In Indonesia and Malaysia, some types of grocery stores are distinctly more popular than others, which is not the case in Thailand. Most Indonesians shopped at mom-and-pop stores, whereas Malaysians favour super- or hypermarkets.
Eight distinct types or clusters of grocery shopping behaviour exist in each country; not all behaviours are the same across countries. In fact, the largest group in each country displays unique grocery shopping preferences, as seen in the chart.
The largest consumer clusters in both Malaysia and Thailand make up more than a quarter of the urban population. On the other hand, Indonesia’s biggest cluster is approximately 18% of urban dwellers – just marginally larger than the remaining seven consumer clusters in the country. However, consider that approximately 55% of its population of almost 265 million live in urban areas, far more than the total populations of Malaysia and Thailand combined. .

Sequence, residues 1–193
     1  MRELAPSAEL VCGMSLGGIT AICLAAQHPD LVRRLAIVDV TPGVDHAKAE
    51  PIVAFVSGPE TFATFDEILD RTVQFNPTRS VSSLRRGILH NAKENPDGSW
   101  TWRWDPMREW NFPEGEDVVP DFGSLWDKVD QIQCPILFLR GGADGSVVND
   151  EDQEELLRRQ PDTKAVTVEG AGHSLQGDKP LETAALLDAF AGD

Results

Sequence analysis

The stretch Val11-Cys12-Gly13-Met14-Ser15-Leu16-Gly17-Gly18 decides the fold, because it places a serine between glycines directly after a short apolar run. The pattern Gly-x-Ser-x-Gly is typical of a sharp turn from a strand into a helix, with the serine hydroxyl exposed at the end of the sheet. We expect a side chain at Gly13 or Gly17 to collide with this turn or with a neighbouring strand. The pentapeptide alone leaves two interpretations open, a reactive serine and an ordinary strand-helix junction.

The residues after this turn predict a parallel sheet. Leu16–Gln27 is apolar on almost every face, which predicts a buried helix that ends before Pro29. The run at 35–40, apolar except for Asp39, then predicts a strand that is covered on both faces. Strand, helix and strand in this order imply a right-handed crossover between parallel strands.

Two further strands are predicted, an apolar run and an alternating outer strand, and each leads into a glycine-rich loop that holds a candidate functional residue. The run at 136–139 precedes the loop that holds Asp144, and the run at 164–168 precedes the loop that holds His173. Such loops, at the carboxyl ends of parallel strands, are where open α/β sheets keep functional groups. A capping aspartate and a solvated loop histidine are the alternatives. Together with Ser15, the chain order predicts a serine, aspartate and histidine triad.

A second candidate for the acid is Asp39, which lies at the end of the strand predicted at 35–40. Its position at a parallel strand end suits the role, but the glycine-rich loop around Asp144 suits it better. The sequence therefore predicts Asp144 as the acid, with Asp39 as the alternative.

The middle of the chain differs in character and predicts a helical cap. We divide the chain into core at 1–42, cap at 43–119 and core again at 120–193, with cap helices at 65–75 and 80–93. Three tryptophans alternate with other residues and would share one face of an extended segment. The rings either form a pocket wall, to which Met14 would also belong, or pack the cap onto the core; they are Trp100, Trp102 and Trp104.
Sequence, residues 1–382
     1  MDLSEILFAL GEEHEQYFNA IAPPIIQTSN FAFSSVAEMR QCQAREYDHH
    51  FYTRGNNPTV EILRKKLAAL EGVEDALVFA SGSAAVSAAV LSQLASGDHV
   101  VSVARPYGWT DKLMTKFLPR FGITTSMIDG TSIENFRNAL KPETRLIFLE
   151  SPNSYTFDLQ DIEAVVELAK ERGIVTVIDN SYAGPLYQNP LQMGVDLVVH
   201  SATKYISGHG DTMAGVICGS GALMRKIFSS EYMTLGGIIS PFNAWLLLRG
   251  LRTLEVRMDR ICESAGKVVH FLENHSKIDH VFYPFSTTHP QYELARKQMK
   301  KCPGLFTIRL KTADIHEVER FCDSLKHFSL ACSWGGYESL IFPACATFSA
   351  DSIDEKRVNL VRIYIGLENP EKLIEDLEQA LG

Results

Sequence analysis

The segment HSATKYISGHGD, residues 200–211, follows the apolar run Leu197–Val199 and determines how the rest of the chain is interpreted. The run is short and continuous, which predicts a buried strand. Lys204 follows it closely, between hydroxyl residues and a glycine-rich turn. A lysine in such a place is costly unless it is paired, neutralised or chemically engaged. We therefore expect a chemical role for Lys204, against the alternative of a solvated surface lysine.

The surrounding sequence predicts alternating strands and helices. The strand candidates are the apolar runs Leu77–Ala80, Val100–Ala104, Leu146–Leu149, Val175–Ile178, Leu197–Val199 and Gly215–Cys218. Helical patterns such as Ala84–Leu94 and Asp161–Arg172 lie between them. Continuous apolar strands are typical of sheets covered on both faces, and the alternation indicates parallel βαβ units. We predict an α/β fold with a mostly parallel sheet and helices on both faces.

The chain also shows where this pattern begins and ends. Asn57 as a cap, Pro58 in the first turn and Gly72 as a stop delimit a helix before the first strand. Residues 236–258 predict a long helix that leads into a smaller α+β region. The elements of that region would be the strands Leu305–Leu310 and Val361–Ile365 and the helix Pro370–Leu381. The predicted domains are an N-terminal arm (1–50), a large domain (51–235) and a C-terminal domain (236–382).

The grocery shopping behaviours of these clusters reflect key differences in the development of consumer trade in these countries. Traditional trade is still a significant force in Indonesia, whereas Malaysians have become accustomed to the modern convenience of chain supermarkets and hypermarkets. The Thais straddle the mid-point of the spectrum, embracing both modern and traditional grocery shopping choices. The impact of modern trade is evident in the largest clusters – super and hypermarkets are a choice in all three largest clusters.
These findings on shopping behaviours are excerpt of Dattel’s report to uncover ‘hidden truths’ about the ASEAN consumers. If you are interested to know more about ASEAN consumers, click here to request for a digital copy of the report.